Hidden in a distant galaxy cluster collision are wisps of gas resembling the starship Enterprise — an iconic spaceship from the "Star Trek" franchise.
Galaxy clusters — cosmic structures containing hundreds or even thousands of galaxies — are the largest objects in the Universe held together by gravity. Multi-million-degree gas fills the space in between the individual galaxies. The mass of the hot gas is about six times greater than that of all the galaxies combined. This superheated gas is invisible to optical telescopes, but shines brightly in X-rays, so an X-ray telescope like NASA's Chandra X-ray Observatory is required to study it.
By combining X-rays with other types of light, such as radio waves, a more complete picture of these important cosmic objects can be obtained. A new composite image of the galaxy cluster Abell 1033, including X-rays from Chandra (purple) and radio emission from the Low-Frequency Array (LOFAR) network in the Netherlands (blue), does just that. Optical emission from the Sloan Digital Sky Survey is also shown. The galaxy cluster is located about 1.6 billion light years from Earth.
Using X-ray and radio data, scientists have determined that Abell 1033 is actually two galaxy clusters in the process of colliding. This extraordinarily energetic event, happening from the top to the bottom in the image, has produced turbulence and shock waves, similar to sonic booms produced by a plane moving faster than the speed of sound.
In Abell 1033, the collision has interacted with another energetic cosmic process — the production of jets of high-speed particles by matter spiraling into a supermassive black hole, in this case one located in a galaxy in one of the clusters. These jets are revealed by radio emission to the left and right sides of the image. The radio emission is produced by electrons spiraling around magnetic field lines, a process called synchrotron emission.
The electrons in the jets are traveling at very close to the speed of light. As the galaxy and its black hole moved toward the lower part of the image, the jet on the right slowed down as it crashed into hot gas in the other galaxy cluster. The jet on the left did not slow down because it encountered much less hot gas, giving a warped appearance for the jets, rather than the straight line that is typically seen.
This image of Abell 1033 also provides an example of "pareidolia", a psychological phenomenon where familiar shapes and patterns are seen in otherwise random data. In Abell 1033, the structures in the data create an uncanny resemblance to many of the depictions of the fictional Starship Enterprise from Star Trek.
In terms of astrophysical research, a detailed study of the image shows that the energy of the electrons in the "saucer section" and neck of the starship-shaped radio emission in Abell 1033 is higher than that found in the stardrive section towards the lower left (see labels). This suggests that the electrons have been reenergized, presumably when the jets interact with turbulence or shock waves in the hot gas. The energetic electrons producing the radio emission will normally lose substantial amounts of energy over tens to hundreds of millions of years as they radiate. The radio emission would then become undetectable. However, the vastly extended radio emission observed in Abell 1033, extending over about 500,000 light years, implies that energetic electrons are present in larger quantities and with higher energies than previously thought. One idea is that the electrons have been given a further boost in energy by extra bouts of shocks and turbulence.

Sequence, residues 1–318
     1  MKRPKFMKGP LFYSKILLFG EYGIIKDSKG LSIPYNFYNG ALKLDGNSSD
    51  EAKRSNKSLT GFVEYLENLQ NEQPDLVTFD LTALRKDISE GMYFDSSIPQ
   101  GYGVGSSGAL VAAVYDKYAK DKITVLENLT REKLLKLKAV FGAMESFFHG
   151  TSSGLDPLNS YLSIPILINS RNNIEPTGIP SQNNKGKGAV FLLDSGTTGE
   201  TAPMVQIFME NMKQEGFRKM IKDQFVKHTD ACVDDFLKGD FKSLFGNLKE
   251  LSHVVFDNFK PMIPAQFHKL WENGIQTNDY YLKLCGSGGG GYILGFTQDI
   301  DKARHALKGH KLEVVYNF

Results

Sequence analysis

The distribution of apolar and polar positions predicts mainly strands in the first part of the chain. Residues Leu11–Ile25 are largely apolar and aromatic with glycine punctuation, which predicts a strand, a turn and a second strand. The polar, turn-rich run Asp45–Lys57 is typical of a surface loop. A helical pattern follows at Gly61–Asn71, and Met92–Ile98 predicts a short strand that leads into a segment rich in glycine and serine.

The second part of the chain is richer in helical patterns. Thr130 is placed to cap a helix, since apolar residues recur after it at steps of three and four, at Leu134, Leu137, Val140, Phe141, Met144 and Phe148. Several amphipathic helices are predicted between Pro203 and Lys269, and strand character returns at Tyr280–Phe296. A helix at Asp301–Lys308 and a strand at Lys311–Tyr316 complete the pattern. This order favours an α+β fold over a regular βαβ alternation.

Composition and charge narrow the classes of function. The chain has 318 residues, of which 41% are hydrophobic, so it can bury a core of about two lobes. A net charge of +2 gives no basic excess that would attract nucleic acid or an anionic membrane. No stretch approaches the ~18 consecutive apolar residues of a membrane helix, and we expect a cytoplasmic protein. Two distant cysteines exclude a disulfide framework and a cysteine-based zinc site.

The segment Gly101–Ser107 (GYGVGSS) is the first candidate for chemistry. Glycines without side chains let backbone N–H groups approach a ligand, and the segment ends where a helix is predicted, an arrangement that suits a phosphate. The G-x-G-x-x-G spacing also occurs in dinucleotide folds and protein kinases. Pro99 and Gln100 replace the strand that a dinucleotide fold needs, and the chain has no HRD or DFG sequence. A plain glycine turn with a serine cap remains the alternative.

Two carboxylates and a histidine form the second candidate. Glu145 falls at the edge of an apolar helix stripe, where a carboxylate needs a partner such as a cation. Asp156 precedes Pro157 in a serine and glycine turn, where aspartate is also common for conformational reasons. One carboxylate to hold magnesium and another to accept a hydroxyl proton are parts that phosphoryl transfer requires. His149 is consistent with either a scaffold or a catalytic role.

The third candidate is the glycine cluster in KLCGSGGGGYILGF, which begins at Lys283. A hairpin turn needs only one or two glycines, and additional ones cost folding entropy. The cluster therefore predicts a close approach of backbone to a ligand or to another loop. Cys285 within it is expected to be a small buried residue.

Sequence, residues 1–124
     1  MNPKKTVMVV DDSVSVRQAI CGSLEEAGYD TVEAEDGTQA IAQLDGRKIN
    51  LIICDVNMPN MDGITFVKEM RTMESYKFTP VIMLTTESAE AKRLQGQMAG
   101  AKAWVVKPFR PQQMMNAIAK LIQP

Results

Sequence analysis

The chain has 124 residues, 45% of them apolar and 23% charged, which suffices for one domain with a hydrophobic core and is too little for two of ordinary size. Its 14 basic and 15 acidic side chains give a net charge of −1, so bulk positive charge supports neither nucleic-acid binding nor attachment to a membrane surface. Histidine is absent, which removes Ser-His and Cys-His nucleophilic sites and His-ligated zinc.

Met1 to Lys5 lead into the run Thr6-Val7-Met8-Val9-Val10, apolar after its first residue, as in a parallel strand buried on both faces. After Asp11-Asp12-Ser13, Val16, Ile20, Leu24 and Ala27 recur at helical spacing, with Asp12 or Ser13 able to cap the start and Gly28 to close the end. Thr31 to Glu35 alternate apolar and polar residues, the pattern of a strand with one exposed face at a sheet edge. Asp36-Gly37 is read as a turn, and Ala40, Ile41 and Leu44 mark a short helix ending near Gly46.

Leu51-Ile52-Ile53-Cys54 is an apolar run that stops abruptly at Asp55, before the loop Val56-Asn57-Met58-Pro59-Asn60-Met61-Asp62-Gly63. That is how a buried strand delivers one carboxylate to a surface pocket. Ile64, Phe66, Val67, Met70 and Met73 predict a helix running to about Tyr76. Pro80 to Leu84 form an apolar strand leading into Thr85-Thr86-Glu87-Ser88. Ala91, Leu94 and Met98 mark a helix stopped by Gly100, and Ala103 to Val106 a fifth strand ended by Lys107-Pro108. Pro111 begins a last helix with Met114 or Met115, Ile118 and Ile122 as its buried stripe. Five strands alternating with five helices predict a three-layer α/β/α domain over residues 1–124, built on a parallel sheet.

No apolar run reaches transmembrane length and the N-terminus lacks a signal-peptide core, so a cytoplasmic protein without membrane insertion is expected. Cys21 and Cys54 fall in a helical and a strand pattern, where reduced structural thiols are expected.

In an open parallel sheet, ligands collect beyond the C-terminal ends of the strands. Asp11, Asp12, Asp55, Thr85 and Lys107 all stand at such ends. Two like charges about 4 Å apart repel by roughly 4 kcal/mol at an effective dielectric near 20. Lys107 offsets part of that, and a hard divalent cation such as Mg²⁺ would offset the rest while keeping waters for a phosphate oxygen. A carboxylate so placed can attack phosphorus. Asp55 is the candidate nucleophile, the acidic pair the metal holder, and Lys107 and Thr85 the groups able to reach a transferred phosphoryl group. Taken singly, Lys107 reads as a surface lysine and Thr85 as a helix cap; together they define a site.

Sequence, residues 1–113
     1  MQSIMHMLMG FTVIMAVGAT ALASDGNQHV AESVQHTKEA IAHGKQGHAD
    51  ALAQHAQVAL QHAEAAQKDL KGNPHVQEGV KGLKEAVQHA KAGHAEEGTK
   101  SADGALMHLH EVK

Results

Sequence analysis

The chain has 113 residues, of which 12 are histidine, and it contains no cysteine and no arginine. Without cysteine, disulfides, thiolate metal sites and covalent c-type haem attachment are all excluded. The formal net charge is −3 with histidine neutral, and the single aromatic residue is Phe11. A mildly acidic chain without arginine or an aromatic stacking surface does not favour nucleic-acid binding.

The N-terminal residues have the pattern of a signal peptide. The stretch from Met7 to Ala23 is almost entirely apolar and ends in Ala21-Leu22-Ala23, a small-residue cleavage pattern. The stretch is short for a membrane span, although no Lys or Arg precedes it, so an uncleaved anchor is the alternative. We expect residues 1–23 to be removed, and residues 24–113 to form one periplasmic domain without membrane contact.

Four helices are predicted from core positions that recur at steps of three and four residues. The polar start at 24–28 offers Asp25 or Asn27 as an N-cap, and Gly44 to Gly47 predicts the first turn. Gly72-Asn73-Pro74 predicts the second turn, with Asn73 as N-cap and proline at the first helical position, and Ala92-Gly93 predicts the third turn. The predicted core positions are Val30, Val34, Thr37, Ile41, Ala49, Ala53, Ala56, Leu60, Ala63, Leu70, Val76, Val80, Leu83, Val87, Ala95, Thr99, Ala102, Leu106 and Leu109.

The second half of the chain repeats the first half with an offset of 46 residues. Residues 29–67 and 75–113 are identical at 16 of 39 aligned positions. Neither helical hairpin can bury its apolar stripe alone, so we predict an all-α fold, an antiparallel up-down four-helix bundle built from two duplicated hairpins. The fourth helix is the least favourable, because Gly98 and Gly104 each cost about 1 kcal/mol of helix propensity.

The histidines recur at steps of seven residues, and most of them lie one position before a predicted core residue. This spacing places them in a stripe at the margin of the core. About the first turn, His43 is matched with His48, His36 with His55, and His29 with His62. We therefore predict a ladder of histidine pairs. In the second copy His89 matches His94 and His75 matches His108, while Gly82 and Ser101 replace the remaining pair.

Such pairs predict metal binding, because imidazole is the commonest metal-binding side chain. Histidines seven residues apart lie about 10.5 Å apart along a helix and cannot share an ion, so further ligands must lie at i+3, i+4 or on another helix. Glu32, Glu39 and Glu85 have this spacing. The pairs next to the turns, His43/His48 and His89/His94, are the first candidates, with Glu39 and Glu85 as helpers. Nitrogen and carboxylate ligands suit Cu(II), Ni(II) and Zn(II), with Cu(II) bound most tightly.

Other sources of radio emission in the image besides the starship-shaped object are the shorter jets from another galaxy (labeled "short jets") and a "radio phoenix" consisting of a cloud of electrons that faded in radio emission but was then reenergized when shock waves compressed the cloud. This caused the cloud to once again shine at radio frequencies, as we reported back in 2015.
The team who made this study will use observations with Chandra and LOFAR to look for further examples of colliding galaxy clusters with warped radio emission, to further their understanding of these energetic objects.
A paper describing this result was published in the October 4th, 2017 issue of Science Advances and is available online. The authors of the paper are Francesco de Gasperin, Huib Intema, Timothy Shimwell (Leiden University, the Netherlands), Gianfranco Brunetti (Institute of Radio Astronomy, Italy), Marcus Bruggen (University of Hamburg, Germany), Torsten Enblin (Max Planck Institute for Astrophysics, Germany), Reinout van Weeren (Leiden), Annalisa Bonafede (Hamburg), and Huub Rottgering (Leiden).
NASA's Marshall Space Flight Center in Huntsville, Alabama, manages the Chandra program for NASA's Science Mission Directorate in Washington. The Smithsonian Astrophysical Observatory in Cambridge, Massachusetts, controls Chandra's science and flight operations.